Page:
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              Spermatozoa of tapeworms (Platyhelminthes, Eucestoda): advances in ultrastructural and phylogenetic studies.

              New data on spermiogenesis and the ultrastructure of spermatozoa of 'true' tapeworms (Eucestoda) are summarized. Since 2001, more than 50 species belonging to most orders of the Eucestoda have been studied or reinvestigated, particularly members of the Caryophyllidea, Spathebothriidea, Diphyllobothriidea, Bothriocephalidea, Trypanorhyncha, Tetraphyllidea, Proteocephalidea, and Cyclophyllidea. A new classification of spermatozoa of eucestodes into seven basic types is proposed and a key to their identification is given. For the first time, a phylogenetic tree inferred from spermatological characters is provided. New information obtained in the last decade has made it possible to fill numerous gaps in the character data matrix, enabling us to carry out a more reliable analysis of the evolution of ultrastructural characters of sperm and spermiogenesis in eucestodes. The tree is broadly congruent with those based on morphological and molecular data, indicating that convergent evolution of sperm characters in cestodes may not be as common as in other invertebrate taxa. The main gaps in the current knowledge of spermatological characters are mapped and topics for future research are outlined, with special emphasis on those characters that might provide additional information about the evolution of tapeworms and their spermatozoa. Future studies should be focused on representatives of those major groups (families and orders) in which molecular data indicate paraphyly or polyphyly (e.g. 'Tetraphyllidea' and Trypanorhyncha) and on those that have a key phylogenetic position among eucestodes (e.g. Diphyllidea, 'Tetraphyllidea', Lecanicephalidea, Nippotaeniidea).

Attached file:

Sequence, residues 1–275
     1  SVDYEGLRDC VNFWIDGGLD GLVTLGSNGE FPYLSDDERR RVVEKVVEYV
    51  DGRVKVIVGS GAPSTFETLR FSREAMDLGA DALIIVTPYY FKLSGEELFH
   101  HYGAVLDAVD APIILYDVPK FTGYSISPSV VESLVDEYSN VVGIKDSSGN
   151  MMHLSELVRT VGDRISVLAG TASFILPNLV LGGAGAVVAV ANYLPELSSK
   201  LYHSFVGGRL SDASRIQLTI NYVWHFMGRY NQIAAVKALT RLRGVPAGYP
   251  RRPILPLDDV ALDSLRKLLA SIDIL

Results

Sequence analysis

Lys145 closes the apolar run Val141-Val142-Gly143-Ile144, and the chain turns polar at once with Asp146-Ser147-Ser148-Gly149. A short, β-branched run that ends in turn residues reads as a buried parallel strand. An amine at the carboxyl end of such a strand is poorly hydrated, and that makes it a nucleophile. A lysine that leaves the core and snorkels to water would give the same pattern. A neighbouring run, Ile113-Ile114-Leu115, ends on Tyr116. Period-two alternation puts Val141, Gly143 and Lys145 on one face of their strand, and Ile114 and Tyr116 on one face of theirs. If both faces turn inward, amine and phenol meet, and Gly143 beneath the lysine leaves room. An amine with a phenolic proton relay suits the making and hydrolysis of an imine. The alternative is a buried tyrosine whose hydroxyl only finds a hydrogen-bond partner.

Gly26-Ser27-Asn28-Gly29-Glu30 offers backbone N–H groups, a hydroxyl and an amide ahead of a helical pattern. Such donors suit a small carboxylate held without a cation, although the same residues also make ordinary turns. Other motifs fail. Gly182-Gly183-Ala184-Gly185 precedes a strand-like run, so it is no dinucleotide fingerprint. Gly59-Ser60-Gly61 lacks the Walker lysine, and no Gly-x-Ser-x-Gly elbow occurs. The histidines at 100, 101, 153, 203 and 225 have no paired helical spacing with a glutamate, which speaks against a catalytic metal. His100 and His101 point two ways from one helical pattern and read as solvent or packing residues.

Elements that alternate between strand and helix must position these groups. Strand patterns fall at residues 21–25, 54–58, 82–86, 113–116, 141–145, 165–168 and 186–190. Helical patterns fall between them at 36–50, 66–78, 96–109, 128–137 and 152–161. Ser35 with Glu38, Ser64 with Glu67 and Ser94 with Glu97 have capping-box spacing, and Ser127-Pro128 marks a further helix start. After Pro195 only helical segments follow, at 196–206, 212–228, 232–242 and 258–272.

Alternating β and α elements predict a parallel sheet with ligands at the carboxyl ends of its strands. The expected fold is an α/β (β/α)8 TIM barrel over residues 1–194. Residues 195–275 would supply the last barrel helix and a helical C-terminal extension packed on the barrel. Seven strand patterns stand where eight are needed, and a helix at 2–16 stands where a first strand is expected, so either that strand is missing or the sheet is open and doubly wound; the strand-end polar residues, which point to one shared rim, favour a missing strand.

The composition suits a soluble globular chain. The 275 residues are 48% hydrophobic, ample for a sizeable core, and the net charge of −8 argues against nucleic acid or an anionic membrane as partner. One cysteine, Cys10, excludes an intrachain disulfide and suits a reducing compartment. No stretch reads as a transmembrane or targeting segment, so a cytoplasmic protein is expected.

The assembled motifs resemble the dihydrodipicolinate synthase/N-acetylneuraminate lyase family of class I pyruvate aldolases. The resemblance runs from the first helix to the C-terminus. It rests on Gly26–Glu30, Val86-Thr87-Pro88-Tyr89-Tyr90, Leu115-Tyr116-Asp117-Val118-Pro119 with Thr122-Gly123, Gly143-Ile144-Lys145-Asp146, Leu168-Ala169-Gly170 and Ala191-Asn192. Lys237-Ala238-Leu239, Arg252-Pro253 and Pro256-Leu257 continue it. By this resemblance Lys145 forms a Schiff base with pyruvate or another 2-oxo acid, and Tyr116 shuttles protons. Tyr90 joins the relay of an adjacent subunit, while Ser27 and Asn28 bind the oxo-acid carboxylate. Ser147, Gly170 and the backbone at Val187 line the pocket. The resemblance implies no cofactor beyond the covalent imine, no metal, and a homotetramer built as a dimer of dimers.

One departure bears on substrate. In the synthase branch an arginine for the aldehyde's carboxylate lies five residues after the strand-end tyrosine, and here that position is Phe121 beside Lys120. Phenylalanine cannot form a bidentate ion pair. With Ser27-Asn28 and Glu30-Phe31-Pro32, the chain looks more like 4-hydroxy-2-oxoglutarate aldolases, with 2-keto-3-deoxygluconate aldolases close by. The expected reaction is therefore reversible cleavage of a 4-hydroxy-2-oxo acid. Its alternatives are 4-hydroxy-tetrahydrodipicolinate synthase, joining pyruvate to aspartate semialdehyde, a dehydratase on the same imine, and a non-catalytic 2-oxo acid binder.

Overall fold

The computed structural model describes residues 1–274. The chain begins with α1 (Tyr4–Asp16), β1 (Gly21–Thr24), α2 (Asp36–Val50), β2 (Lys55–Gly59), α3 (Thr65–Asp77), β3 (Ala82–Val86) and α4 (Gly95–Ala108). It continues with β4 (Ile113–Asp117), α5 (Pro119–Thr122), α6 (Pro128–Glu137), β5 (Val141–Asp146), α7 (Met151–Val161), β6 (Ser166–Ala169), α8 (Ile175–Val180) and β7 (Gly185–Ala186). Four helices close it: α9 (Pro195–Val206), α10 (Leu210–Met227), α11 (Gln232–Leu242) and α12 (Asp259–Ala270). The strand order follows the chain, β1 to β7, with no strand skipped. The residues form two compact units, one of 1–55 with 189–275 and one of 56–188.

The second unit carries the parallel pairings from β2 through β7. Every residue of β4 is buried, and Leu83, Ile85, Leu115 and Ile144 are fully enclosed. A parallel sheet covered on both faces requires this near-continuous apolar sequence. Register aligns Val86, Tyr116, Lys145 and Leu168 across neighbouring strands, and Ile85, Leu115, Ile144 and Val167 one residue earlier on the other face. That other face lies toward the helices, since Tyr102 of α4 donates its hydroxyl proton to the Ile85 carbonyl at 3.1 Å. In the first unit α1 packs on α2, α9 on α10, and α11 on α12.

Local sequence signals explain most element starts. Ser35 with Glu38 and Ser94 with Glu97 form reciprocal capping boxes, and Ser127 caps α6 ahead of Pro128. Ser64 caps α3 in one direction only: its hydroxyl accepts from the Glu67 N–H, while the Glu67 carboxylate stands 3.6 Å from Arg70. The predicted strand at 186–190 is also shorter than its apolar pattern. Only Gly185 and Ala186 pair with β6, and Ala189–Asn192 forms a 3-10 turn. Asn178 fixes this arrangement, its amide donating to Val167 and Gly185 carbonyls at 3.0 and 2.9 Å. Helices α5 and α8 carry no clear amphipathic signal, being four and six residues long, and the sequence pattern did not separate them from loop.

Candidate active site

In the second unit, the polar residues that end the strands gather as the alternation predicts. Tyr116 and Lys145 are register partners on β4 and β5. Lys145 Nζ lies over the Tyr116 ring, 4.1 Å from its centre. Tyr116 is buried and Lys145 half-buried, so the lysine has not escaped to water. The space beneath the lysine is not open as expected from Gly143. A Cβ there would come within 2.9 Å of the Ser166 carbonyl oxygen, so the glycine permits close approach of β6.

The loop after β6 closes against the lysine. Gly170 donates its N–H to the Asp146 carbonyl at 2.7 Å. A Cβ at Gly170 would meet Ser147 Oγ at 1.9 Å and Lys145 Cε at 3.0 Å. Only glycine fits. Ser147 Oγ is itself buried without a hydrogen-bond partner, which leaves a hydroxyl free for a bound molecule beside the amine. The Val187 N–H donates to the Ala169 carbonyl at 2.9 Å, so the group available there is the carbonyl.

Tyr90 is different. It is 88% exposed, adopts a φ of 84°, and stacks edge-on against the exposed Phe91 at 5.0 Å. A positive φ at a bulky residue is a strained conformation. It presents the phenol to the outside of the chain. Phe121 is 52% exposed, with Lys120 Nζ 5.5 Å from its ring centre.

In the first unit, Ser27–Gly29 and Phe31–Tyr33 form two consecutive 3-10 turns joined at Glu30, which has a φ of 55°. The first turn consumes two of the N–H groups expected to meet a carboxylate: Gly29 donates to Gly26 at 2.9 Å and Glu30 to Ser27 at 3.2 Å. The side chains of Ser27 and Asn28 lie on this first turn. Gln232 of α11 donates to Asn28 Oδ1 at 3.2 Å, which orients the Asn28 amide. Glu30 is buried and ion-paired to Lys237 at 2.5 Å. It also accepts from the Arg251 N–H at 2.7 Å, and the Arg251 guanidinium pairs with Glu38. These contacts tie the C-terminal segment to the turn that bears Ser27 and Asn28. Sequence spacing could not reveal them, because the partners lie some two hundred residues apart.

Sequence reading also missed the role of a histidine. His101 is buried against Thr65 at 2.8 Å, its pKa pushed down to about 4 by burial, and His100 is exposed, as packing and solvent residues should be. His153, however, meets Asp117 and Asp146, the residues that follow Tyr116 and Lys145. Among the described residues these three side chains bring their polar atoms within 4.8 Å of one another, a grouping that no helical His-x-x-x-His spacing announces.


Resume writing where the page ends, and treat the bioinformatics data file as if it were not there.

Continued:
Author and article information

                EDP Sciences
                27 November 2020
                : 27
                : ( publisher-idID: parasite/2020/01 )
                [1 ] Laboratory of Evolutionary Biology, Ecology and Management of Ecosystems, Faculty of Sciences and Techniques, Cheikh Anta Diop University of Dakar BP 5055 Dakar Senegal
                [2 ] UMR 6134 SPE, CNRS – Università di Corsica, Campus Grimaldi 20250 Corte Corsica France
                [3 ] Institut Systématique Évolution Biodiversité (ISYEB), Muséum National d’Histoire Naturelle, CNRS, Sorbonne Université, EPHE, Université des Antilles 57 rue Cuvier, CP 51 75231 Paris Cedex 05 France
                [4 ] Department of Life Sciences, Natural History Museum Cromwell Road SW7 5BD London United Kingdom
                Author notes
                [* ]Corresponding author: quilichini_y@ 123456univ-corse.fr
                parasite200105 10.1051/parasite/2020066
                © P.I. Ndiaye et al., published by EDP Sciences, 2020

                This is an Open Access article distributed under the terms of the Creative Commons Attribution License ( https://creativecommons.org/licenses/by/4.0), which permits unrestricted use, distribution, and reproduction in any medium, provided the original work is properly cited.

                Page count
                Figures: 5, Tables: 1, Equations: 0, References: 32, Pages: 11
                Research Article